Nonunion of the Olecranon and Proximal Ulna

Published on 11/04/2015 by admin

Filed under Orthopaedics

Last modified 11/04/2015

Print this page

rate 1 star rate 2 star rate 3 star rate 4 star rate 5 star
Your rating: none, Average: 3 (1 votes)

This article have been viewed 5137 times

CHAPTER 26 Nonunion of the Olecranon and Proximal Ulna


Nonunion of olecranon and proximal ulna fractures is a relatively uncommon complication with the use of current techniques of osteosynthesis.9,35,59 Although this problem is perhaps less common today than in the past, it continues to challenge the orthopedic surgeon. Olecranon and proximal ulna fracture nonunion can result in profound functional disability. Patients consistently report pain.55 Other features typically include some degree of instability or limitation of elbow joint motion.

The main predisposing factors for a nonunion of the proximal ulna are inadequate fixation, premature motion, smoking,7 or a combination of all of these.3,4,20,31,32,37,45,63,73,75


Nonunion of fractures of the proximal ulna and olecranon has been reported to occur in 5% of all olecranon fractures44 and about 5% of all nonunions.10,11,22 Within a 10-year period (1980 to 1990), 196 olecranon fractures were treated at the Mayo Clinic, and there were only two instances of olecranon nonunion (1%).55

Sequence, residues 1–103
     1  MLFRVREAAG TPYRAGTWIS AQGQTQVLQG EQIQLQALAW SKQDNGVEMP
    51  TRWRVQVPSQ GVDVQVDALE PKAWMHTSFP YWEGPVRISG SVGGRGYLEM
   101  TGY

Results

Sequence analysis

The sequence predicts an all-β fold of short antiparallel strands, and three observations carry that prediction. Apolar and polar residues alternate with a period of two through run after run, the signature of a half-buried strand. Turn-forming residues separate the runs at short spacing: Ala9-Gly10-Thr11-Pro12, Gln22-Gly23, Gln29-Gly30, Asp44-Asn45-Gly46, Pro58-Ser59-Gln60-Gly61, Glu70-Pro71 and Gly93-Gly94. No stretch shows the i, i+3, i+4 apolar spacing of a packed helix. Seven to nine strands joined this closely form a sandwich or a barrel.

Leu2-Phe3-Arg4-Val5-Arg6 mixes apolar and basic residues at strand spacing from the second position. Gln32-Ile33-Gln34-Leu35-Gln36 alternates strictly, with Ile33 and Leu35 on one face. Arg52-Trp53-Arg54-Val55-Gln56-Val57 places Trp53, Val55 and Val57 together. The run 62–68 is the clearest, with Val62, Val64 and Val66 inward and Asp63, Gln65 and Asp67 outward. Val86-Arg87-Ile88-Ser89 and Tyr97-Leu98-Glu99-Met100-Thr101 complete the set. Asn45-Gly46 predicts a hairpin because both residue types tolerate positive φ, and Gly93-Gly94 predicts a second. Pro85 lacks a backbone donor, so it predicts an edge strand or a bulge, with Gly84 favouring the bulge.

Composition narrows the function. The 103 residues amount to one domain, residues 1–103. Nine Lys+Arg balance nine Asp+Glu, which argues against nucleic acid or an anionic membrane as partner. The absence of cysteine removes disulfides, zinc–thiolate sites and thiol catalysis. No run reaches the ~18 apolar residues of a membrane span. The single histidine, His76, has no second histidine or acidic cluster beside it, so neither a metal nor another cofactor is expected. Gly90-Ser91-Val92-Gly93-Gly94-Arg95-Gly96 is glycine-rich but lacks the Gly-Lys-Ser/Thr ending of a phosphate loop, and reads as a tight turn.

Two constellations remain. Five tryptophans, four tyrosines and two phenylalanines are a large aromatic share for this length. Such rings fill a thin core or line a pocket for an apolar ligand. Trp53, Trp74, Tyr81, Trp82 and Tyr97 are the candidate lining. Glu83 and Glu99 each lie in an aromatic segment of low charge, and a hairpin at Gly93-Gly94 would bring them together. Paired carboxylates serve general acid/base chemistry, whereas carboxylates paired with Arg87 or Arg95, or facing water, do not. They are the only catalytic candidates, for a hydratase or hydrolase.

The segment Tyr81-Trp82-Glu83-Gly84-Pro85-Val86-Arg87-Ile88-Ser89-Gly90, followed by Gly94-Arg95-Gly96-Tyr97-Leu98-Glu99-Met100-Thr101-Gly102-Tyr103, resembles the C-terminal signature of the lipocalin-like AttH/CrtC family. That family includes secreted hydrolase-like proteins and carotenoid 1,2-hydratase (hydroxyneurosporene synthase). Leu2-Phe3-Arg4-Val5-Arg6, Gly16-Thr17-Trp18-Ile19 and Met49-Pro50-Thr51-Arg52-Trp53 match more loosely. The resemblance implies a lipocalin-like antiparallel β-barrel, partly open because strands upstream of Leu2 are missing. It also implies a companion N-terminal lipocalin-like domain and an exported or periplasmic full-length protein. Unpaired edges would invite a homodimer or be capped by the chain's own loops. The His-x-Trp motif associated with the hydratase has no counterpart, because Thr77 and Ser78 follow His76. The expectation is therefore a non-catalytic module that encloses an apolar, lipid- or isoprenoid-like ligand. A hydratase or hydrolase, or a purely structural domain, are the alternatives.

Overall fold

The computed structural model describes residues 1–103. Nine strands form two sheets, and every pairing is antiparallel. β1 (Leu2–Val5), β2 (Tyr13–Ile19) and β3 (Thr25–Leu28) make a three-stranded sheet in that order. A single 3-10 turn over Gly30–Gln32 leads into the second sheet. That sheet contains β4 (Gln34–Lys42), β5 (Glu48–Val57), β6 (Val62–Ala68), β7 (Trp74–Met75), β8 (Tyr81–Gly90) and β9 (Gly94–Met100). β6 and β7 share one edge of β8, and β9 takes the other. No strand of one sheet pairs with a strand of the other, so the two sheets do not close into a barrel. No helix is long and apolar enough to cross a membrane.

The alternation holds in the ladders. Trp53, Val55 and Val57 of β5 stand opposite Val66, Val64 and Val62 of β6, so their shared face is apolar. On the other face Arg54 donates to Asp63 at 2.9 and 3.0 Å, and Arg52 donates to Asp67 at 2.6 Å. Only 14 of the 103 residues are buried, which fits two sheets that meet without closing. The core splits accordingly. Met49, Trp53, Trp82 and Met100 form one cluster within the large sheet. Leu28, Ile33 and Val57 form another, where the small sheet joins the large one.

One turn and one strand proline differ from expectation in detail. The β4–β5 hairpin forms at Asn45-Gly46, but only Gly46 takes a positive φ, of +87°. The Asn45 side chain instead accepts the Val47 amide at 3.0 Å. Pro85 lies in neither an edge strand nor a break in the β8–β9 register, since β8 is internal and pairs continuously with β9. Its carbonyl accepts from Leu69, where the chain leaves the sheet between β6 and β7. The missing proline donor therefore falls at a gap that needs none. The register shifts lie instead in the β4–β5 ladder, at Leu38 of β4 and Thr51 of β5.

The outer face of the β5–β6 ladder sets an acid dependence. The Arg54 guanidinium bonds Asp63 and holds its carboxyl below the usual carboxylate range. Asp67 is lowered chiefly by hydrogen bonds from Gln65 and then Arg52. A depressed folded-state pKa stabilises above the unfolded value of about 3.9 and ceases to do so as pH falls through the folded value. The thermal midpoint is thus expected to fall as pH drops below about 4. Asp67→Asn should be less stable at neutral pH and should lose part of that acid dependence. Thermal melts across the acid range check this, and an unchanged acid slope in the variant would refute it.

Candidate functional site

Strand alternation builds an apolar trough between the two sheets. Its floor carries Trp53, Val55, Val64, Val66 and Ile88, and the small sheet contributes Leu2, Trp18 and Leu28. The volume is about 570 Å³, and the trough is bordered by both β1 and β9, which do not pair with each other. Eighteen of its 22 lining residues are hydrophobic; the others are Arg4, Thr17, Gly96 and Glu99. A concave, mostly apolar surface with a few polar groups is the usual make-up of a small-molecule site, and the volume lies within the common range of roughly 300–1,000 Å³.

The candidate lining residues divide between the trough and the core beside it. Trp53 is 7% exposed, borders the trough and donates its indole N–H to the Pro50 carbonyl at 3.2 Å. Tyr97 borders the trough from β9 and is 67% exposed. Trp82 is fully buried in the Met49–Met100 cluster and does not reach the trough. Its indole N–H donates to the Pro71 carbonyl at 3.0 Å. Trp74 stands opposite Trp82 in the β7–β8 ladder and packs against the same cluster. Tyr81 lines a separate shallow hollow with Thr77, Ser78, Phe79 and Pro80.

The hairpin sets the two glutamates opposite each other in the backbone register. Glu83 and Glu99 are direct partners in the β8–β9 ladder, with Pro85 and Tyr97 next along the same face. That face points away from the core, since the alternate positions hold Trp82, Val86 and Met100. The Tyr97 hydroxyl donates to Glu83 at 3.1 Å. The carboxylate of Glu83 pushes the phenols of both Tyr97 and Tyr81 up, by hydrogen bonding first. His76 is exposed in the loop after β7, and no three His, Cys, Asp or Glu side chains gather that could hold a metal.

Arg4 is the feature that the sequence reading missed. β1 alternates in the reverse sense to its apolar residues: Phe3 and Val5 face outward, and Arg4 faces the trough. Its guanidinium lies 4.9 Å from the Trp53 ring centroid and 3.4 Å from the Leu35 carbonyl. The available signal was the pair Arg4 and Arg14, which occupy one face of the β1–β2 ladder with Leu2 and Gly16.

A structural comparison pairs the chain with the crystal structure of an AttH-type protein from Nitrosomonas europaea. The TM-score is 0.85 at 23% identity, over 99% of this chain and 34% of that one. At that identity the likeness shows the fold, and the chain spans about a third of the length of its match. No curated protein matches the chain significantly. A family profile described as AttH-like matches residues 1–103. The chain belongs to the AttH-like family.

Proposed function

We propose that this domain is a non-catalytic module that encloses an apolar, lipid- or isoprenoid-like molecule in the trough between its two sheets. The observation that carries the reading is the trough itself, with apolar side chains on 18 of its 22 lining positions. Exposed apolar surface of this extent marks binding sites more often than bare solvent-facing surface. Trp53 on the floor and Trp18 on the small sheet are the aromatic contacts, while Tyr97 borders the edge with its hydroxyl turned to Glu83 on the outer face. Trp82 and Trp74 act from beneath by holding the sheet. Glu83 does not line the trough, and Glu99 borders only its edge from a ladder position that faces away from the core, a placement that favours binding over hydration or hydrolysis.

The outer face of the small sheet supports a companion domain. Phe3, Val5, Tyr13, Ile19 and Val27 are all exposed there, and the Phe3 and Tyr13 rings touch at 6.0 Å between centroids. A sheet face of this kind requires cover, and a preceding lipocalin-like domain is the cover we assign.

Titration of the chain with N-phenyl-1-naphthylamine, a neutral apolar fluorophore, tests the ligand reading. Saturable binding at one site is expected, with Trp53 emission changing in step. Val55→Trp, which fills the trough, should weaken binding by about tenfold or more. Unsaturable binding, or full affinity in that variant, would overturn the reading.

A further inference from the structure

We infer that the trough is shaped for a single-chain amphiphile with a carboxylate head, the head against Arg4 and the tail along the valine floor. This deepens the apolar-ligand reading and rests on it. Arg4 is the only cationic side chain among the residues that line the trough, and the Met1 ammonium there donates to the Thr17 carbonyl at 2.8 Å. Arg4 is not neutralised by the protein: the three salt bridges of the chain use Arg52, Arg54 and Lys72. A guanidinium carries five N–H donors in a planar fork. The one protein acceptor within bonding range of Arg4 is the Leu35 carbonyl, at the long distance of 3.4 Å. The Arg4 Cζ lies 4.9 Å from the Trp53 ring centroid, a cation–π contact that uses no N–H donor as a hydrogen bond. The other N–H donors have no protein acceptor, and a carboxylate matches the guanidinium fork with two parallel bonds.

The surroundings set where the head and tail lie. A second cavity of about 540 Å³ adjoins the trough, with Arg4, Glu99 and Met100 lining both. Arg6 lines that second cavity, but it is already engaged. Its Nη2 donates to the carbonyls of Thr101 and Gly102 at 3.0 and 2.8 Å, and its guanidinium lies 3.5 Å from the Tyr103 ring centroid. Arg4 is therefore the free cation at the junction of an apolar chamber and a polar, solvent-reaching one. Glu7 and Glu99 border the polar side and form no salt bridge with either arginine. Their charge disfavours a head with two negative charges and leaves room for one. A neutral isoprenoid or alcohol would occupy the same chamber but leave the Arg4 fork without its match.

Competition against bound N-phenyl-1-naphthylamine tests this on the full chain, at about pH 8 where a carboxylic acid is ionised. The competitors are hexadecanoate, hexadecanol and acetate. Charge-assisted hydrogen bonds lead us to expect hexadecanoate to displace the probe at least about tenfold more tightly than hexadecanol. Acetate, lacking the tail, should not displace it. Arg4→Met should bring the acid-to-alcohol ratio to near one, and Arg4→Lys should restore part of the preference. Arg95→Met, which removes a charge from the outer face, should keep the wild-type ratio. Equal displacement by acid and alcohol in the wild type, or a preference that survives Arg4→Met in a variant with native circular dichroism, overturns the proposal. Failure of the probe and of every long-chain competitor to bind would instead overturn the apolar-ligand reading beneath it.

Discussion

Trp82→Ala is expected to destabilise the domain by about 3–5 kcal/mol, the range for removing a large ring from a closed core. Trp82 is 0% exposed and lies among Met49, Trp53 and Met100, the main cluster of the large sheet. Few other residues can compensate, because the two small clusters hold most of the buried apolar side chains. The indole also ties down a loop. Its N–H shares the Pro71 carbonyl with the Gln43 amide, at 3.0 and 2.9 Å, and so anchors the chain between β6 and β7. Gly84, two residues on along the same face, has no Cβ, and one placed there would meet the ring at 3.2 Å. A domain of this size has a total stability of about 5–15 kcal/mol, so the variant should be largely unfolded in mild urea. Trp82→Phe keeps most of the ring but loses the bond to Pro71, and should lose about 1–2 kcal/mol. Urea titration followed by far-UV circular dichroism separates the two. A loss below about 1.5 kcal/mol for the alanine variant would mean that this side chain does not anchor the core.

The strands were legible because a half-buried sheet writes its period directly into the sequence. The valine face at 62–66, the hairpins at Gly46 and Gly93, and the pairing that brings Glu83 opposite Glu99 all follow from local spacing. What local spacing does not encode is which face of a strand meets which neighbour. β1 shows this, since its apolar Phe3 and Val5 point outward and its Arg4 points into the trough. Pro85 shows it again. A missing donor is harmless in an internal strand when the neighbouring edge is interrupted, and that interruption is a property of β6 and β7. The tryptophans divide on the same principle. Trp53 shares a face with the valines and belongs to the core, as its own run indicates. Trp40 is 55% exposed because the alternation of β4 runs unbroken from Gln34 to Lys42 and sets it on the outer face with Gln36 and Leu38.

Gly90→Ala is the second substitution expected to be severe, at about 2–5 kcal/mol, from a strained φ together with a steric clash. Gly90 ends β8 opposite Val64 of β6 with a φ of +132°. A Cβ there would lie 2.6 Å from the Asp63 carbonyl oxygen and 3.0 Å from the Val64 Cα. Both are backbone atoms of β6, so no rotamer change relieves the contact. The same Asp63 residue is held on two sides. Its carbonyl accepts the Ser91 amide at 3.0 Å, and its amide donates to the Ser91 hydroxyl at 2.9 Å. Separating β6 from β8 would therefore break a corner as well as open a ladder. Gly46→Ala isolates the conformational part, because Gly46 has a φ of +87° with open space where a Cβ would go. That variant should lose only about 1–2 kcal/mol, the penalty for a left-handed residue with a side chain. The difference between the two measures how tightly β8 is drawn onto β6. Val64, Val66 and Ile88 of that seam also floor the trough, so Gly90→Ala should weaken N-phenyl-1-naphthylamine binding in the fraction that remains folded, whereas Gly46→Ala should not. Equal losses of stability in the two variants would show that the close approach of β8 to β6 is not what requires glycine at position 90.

Nonunion is also a recognized complication of the proximal osteotomy of the olecranon to expose a fracture of the distal humerus.70 From 1980 to 1990 at the Mayo Clinic, this complication occurred in only one such patient.55 Other authors have reported a high rate of olecranon nonunion in these patients. Gainor and coworkers30 studied 10 patients who had a transverse osteotomy of the olecranon for surgical exposure of a complex distal humerus fracture. Nine of the osteotomies were reconstructed with a large lag screw and tension band wire, and one with smooth pins and a tension band wire. Within an average follow-up period of 24 months, nonunion of the olecranon osteotomy occurred in three of the patients.30


Ossification in the olecranon begins at two or more centers, and the growing epiphysis may be misinterpreted or confused radiographically with a fracture line or nonunion.62,66 Olecranon nonunion rarely occurs in children, but it may result when displaced fractures are unrecognized or when inadequate internal fixation results in loss of reduction.43,53